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U-DOS to DOS file conversion

by mmittiga17 (Scribe)
on Jun 16, 2010 at 22:40 UTC ( #845118=perlquestion: print w/replies, xml ) Need Help??

mmittiga17 has asked for the wisdom of the Perl Monks concerning the following question:

Hi All, I hope someone can point me in the right direction or advise solution. I have a file under UltraEdit shows as a U-DOS, under TextWrangler it shows as UTF-16 EL. If I view the file in linux using vi, line ends in ^M. I am trying to convert it to DOS format using Perl. I am running This is ActiveState perl, v5.10.0 on a win box. Nothing seems to work for making this file ASCII DOS. I have tried s/\n/\r\n/; which does not work. Any suggestion or help would be greatly appreciated.

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Re: U-DOS to DOS file conversion
by ikegami (Patriarch) on Jun 16, 2010 at 23:11 UTC

    under TextWrangler it shows as UTF-16 EL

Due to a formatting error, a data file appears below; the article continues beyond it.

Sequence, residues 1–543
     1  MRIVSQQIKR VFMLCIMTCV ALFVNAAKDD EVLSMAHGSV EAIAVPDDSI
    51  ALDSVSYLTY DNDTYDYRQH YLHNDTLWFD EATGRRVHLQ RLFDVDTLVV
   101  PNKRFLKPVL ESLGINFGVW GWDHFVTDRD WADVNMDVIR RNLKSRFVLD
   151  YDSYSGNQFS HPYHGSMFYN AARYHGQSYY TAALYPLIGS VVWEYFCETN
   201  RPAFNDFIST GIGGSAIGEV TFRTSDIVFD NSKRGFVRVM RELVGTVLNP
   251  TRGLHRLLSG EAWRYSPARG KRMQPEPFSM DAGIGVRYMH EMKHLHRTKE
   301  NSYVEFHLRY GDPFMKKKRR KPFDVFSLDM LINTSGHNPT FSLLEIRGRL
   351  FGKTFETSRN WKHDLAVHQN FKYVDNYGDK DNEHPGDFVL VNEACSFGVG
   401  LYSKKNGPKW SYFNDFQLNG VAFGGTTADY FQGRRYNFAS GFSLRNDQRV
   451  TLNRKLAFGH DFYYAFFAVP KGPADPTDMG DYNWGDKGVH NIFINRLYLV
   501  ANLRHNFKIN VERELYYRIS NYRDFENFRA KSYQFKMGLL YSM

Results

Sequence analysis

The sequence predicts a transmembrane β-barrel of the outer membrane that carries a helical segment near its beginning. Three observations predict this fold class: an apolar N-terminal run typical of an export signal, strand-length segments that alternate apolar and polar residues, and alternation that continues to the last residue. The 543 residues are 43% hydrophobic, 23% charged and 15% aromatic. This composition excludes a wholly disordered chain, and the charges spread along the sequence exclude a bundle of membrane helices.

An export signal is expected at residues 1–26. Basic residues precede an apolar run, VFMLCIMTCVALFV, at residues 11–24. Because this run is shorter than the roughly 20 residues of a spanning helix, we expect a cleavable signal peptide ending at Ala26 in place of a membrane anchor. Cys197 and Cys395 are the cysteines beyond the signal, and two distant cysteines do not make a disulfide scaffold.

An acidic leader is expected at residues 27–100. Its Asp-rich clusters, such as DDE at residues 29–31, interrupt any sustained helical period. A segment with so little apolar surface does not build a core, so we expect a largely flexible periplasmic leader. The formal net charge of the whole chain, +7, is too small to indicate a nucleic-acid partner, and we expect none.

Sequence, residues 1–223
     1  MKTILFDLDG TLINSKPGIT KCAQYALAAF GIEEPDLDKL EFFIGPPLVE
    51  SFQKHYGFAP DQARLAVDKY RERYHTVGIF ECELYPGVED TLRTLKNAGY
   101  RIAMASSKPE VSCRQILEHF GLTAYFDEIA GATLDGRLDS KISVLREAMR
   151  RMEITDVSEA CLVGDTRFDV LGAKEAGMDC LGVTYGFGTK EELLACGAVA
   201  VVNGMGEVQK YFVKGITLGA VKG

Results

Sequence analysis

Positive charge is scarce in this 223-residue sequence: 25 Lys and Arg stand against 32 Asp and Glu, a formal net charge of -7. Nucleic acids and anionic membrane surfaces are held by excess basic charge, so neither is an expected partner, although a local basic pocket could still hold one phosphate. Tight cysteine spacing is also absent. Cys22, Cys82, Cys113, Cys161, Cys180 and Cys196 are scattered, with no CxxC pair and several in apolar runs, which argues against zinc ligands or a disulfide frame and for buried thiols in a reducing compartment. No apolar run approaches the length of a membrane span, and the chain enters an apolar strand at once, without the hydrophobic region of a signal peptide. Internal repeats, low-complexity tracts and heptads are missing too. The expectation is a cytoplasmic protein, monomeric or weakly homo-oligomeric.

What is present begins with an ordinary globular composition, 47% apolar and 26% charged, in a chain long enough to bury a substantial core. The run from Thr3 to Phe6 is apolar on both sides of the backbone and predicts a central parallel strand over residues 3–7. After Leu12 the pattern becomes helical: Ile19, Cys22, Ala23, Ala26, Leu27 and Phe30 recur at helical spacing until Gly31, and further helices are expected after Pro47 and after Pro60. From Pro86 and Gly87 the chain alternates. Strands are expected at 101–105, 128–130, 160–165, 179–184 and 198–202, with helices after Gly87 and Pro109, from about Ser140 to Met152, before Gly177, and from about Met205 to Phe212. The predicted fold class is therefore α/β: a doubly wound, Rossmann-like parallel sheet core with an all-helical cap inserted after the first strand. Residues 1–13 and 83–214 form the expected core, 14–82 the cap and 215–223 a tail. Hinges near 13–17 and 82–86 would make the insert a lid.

Then it's probably UCS-2le or UTF-16le. (The latter is a superset of the former.)

    I am trying to convert it to DOS format using Perl.

    Most people would consider "DOS format" to mean encoded using their machine's "ANSI" encoding and using CRLF for line endings.

    In the Western world, the "ANSI" encoding is usually Windows-1252 aka cp1252.

    perl -pe"BEGIN { binmode STDIN, ':encoding(UTF-16le)'; binmode STDOUT, + ':encoding(cp1252)'; }" < file.wide > file.ansi


    The :crlf layer ends up in the incorrect order. That's not a problem with ASCII-derived encodings, but it is with UTF-16le. You actually need to use a workaround like

    # file.wide file.ansi @ARGV == 2 or die("Incorrect usage\n"); open(my $fh_in, '<:raw:perlio:encoding(UTF-16le):crlf', $ARGV[0]) or die("Cannot open input file \"$ARGV[0]\": $!\n"); open(my $fh_out, '>:raw:perlio:encoding(cp1252):crlf', $ARGV[1]) or die("Cannot create output file \"$ARGV[1]\": $!\n"); print($fh_out $_) while <$fh_in>;

      Thank you so much ikegami. That solved my problem and know I know.

      how to detect the file format whether it is U-DOS or DOS format via perl code

        If you mean UTF-16le by "U-DOS", you can check for the presence of 00 bytes. Each ASCII character will be encoded in the form xx 00.

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